So many authors write about their dysfunctional families. It’s tempting. Fits right in with the “write what you know” dictum, especially given that we really have no idea how other families live. I used to try to imagine how my friends lived at home, but unless you were there 24/7, you could never be sure they weren’t putting on an act for you. They always seemed quieter than my family…

As a parent, you are learning all the time. You make mistakes. You try again. You fight with your kids, your partner. You break up. People stop speaking to one another. They start again. I used to think it was all good as long as there were some feelings – when I did home visiting, that saddest children were the ones who were neglected – no one cared about them. At least if their parent was yelling at them, they noticed they were there, I figured.

In my head, I’m the sort of parent who would peel off the stickers on the back of the car in a fit of pique. How I long for the Jewish tradition of rending clothing while shouting “I have no son!” It would be so cathartic, but my Roman Catholic upbringing means I get to sit around instead, feeling awful when my kids ignore me or treat me badly because somewhere in my guilty heart, I know I must have done something, sometime, to deserve such treatment. Or if something bad happens with friends or complete strangers, I know that it must’ve been because of something I did. In a way, it’s nice to always have an explanation.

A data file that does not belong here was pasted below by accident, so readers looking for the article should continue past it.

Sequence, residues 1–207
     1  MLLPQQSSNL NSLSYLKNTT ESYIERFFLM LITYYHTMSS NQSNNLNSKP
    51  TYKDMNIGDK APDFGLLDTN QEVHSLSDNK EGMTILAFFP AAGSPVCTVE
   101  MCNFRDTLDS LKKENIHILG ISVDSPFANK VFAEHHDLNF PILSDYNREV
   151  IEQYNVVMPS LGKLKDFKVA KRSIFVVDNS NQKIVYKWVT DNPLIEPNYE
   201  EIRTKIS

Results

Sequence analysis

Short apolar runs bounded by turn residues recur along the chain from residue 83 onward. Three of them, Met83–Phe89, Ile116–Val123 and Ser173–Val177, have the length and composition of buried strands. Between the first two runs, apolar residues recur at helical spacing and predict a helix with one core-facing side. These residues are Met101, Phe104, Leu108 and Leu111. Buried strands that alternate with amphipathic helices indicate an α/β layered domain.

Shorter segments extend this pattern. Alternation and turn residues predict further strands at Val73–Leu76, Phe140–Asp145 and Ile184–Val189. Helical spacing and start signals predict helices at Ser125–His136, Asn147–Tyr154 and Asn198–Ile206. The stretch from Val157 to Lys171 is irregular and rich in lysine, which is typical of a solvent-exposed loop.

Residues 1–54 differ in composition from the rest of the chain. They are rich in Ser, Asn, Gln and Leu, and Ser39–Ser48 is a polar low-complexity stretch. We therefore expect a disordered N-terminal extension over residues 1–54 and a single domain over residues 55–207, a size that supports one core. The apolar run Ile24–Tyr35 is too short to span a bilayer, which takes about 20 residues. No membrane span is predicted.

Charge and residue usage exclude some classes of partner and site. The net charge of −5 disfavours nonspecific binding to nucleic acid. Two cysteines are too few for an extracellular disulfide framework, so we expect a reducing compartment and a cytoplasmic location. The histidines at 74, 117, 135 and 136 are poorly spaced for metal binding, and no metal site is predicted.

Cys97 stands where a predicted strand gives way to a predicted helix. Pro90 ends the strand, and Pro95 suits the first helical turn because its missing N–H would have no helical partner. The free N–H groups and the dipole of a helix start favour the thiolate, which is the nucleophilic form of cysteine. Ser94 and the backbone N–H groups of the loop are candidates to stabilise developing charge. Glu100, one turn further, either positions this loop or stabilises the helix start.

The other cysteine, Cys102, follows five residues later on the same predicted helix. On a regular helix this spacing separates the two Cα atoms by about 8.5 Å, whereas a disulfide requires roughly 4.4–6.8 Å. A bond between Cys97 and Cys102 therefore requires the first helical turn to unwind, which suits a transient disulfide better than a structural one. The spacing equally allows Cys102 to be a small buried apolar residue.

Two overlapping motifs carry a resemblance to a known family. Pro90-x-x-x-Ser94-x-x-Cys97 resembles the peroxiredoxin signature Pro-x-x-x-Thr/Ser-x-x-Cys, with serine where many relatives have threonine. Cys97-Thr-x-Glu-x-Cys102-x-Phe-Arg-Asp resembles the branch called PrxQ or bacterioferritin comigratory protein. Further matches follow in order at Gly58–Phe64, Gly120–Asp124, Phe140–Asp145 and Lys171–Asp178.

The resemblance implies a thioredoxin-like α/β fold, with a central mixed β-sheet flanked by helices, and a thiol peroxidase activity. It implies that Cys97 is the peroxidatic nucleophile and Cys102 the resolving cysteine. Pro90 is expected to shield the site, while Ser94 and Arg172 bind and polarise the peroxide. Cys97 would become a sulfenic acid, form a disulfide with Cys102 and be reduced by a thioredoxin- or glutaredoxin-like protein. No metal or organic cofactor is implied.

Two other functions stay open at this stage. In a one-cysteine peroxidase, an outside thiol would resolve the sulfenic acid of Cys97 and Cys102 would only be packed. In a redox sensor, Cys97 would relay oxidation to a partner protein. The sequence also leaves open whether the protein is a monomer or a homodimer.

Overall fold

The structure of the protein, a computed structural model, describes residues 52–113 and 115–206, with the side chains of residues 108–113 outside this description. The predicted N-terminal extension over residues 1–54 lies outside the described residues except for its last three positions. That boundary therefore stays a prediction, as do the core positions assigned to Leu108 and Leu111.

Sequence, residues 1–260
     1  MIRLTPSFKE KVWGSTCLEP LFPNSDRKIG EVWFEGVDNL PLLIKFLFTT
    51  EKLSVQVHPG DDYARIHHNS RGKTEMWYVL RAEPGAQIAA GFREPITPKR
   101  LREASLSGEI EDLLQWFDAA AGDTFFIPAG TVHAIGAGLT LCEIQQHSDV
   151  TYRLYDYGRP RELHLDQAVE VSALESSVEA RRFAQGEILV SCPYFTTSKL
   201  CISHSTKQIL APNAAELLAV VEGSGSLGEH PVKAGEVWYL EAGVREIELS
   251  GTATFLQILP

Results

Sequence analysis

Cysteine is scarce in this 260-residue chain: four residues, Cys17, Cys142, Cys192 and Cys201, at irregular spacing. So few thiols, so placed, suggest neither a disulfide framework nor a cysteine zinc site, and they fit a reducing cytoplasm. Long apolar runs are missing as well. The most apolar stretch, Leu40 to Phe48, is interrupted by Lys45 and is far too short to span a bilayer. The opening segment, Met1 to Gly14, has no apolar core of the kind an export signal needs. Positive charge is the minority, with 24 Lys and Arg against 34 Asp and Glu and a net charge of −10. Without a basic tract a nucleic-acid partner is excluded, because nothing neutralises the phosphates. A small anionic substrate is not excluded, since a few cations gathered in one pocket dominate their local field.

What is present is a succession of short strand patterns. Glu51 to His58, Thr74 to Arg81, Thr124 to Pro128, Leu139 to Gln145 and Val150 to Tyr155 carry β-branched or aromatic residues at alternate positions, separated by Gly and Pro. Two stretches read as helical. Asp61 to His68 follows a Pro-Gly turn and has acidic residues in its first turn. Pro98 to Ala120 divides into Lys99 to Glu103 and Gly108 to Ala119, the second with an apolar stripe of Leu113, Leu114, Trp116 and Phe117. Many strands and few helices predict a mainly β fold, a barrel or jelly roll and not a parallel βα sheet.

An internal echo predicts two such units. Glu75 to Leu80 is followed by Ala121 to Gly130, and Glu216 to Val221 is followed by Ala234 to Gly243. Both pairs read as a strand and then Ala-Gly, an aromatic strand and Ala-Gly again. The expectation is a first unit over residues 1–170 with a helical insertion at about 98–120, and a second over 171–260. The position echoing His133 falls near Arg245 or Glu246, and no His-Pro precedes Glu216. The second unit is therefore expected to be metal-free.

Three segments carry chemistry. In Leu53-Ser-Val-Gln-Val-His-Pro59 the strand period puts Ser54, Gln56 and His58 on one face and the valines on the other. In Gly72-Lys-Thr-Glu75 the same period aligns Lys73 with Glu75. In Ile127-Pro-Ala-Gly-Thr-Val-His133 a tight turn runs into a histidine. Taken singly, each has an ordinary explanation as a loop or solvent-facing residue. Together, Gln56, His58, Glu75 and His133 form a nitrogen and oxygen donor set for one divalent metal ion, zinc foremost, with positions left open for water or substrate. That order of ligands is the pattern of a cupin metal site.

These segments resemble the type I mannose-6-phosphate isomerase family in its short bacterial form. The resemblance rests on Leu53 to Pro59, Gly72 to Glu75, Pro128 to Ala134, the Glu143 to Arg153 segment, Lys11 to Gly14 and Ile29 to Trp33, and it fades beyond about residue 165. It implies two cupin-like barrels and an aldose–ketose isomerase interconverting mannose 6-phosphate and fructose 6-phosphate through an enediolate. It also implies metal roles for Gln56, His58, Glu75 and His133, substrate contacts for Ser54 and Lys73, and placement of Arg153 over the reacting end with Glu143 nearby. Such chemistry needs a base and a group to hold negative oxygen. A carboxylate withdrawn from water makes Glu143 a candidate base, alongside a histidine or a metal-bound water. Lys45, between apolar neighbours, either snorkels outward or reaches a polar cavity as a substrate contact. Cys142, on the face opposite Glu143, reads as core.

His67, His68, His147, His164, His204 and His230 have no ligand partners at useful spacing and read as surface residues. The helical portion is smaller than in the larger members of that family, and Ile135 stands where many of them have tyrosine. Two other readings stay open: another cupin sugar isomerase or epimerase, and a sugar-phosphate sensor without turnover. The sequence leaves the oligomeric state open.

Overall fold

So I get hurt, and then my brain gets busy. How could I use this pain in a story? How can I take the feelings and put them to good use, as so many other authors have done?

God knows I have enough meat for several novels. The question is, do I make them mysteries and kill off all those I want to hurt back (mwah hah hah), or do I make everything turn out all right in the end? Maybe I should have aliens from another planet intercede. Or maybe something in-between?

All I know is that despite the slings and arrows, I’m grateful. If everyone were sweet as pie, why, I’d have nothing interesting to say.

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(But sometimes, sometimes, that might be nice.)